Again, I get the frustration. I can see where it feels like they are doing what's good for them and not us, but I think, in the long run, this way is better for us. Right now, the majority of the AE team is working on making AE faster to work with and faster to render. The sooner we get a relatively bug-free version of that, the better! (Especially for folks on Mac OSX Yosemite who can't RAM preview smoothly in any version of AE).
And at least the After Effects team has been very transparent about things - for example, this blog post talks about their reasoning: using Adobe Media Encoder to create H.264, MPEG-2, and WMV videos from After Effects
Oh for crying out loud... quit whining, just get over it and get on with life.
Over the years, I've done my primary job -- video editing -- on five different pieces of software, each with a couple-three different versions, and each one demanded a different workflow. You want disruptive? That's disruptive, particularly when you're on a deadline. You deal with it.
And you're crabbing about having to make one little change in the way you work? Lord knows how you'd react if you found yellow potatoes instead of red potatoes in your beef stew. Suffice it to say, I wouldn't want to be around.
Did I happen to mention that you can set up a Watch Folder in AME, and when a file is placed in it -- say, after AE finishes a lossless archival render -- AME automatically begins to transcode to as many different files as you specify, and to the media containers and codecs as you specify? All while you're on to doing other things with your machine?
Yeah, that's real crippling change in workflow. I feel your pain. Not.
Thanks for the feedback.. I ran a couple of things through it. It's "OK", I guess And yea, maybe I don't like yellow potatoes in my stew.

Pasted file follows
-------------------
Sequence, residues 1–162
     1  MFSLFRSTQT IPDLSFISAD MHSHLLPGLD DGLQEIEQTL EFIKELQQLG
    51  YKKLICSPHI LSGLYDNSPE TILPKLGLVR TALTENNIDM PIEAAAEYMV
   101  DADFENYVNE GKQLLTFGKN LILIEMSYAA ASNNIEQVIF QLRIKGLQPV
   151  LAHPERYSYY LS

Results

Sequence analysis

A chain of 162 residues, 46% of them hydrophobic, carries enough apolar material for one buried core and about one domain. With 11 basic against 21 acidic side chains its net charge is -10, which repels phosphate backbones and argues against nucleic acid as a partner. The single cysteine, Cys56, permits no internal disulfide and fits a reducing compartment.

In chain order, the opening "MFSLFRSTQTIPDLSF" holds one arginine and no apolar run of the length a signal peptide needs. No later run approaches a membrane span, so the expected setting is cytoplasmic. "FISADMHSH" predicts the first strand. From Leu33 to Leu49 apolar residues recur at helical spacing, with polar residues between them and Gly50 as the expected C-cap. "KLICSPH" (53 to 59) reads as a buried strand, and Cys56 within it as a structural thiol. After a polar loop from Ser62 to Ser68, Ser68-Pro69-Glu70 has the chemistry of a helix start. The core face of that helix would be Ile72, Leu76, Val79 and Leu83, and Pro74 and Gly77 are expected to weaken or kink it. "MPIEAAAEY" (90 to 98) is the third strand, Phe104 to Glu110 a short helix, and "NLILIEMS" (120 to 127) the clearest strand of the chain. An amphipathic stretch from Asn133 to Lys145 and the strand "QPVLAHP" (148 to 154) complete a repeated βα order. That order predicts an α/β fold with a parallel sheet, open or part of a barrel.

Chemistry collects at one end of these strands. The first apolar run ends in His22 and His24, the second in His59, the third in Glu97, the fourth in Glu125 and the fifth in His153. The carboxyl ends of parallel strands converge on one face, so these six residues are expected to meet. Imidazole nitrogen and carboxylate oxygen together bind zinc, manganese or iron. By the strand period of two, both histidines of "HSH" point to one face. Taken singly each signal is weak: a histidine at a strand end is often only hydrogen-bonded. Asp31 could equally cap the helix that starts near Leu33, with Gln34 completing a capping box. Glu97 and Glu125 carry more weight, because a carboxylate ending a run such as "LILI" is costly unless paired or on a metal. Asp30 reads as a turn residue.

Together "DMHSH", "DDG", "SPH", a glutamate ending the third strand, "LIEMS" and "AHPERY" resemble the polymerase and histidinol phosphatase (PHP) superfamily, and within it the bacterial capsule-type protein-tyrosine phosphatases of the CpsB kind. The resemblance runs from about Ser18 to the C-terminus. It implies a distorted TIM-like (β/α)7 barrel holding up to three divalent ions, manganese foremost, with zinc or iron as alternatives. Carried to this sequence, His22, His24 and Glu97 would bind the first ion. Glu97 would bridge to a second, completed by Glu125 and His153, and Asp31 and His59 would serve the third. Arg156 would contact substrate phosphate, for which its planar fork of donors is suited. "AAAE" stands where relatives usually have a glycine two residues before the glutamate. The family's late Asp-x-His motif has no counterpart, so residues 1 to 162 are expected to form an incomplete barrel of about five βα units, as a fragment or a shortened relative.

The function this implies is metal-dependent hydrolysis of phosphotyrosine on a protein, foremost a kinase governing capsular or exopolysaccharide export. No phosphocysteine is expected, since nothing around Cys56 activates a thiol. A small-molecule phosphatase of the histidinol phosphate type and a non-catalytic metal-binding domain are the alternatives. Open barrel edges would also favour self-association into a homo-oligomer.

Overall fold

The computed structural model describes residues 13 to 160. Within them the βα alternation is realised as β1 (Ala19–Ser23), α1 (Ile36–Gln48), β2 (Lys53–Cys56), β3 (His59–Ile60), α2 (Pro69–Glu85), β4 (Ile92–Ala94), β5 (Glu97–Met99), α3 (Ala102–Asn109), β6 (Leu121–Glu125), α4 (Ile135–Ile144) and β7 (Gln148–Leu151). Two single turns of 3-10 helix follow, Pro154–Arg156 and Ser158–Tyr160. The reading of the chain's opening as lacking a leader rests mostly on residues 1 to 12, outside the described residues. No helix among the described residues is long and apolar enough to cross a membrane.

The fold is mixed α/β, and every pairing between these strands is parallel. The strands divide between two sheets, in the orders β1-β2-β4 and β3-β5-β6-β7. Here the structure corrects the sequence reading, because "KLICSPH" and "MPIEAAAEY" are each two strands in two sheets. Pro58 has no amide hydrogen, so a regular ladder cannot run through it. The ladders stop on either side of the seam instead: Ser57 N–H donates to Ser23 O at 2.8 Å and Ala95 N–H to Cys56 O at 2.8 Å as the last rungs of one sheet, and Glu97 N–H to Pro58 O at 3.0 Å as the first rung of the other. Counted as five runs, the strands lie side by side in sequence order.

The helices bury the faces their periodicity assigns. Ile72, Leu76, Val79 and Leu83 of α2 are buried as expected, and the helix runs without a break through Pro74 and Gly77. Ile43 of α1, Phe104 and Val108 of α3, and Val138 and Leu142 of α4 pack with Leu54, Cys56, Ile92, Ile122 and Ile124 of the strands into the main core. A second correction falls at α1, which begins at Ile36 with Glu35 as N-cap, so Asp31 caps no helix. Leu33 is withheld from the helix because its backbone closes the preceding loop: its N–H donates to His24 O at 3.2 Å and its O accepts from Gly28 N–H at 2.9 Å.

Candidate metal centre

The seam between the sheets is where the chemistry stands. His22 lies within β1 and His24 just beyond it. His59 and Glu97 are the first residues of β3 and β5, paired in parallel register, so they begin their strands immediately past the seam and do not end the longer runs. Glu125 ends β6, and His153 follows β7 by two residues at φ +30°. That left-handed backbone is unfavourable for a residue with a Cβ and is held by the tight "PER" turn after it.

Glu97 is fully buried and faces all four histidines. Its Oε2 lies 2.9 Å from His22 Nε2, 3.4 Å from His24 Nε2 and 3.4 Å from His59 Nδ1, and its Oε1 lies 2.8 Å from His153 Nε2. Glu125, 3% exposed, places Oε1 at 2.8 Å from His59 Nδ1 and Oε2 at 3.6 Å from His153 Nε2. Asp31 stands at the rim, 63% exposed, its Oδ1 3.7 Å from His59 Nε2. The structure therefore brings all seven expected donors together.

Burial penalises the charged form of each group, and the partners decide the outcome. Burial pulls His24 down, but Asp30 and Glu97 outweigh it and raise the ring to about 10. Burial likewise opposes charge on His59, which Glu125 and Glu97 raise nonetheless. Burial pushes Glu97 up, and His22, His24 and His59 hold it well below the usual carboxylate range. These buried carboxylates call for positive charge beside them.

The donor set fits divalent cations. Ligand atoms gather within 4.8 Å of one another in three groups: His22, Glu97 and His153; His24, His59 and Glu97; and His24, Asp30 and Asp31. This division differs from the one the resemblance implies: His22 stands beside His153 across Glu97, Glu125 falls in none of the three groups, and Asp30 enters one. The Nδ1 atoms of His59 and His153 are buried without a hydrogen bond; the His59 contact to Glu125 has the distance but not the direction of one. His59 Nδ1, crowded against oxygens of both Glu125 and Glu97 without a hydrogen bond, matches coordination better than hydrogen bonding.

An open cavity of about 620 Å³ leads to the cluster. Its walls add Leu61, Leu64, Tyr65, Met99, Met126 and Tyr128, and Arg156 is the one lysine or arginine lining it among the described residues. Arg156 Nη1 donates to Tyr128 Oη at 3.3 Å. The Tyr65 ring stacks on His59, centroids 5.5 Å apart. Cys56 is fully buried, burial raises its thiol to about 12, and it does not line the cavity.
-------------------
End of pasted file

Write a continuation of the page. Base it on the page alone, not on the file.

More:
And I'm hoping your comments, Mr LaRonde, aren't as mean-spirited as they sound. Though this type of behavior is probably rewarded at that beckon of ethics called FOX, that you work for, most other folk don't take kindly to cyber-bullying. Evidently Adobe doesn't seem to mind, and might have even incentivized you to be like that (silence equals consent). I wonder how it'll play out on Twitter; big corporate 'Producer' type belittling and mocking the little guy on social media, with a nice pic to go with it.. hmmmm.
I'm not like that though, but I'm just saying. Maybe consider less vinegar and a little more sugar in your mixed potato stew
I don't think he meant to sound mean-spirited. He's just been around for a while and gets a bit grumpy sometimes. Sometimes the best advice comes from the grouchy ones; you just have to look past the gruffness. At least, that's what most movies seem to indicate
And, while we're discussing it, one of my favorite potato recipes is cutting up a mix of mini red, yellow, and purple (yes, purple) potatoes tossed in some olive oil and various mixed spices (rosemary being the primary one) and roasting them in the oven at 425-450 for about 20 minutes. They come out with a crispy outside and an almost creamy inside
most other folk don't take kindly to cyber-bullying. Evidently Adobe doesn't seem to mind, and might have even incentivized you to be like that (silence equals consent).
No one deserves to be ill treated as a member of this forum. For that, I apologize. We do have community guidelines we ask all members to abide by, but sometimes people slip up and forget (even some of our most helpful members).
I wish to remind Dave and others to please take a look at the guidelines to reacquaint yourself with them: Adobe Community Guidelines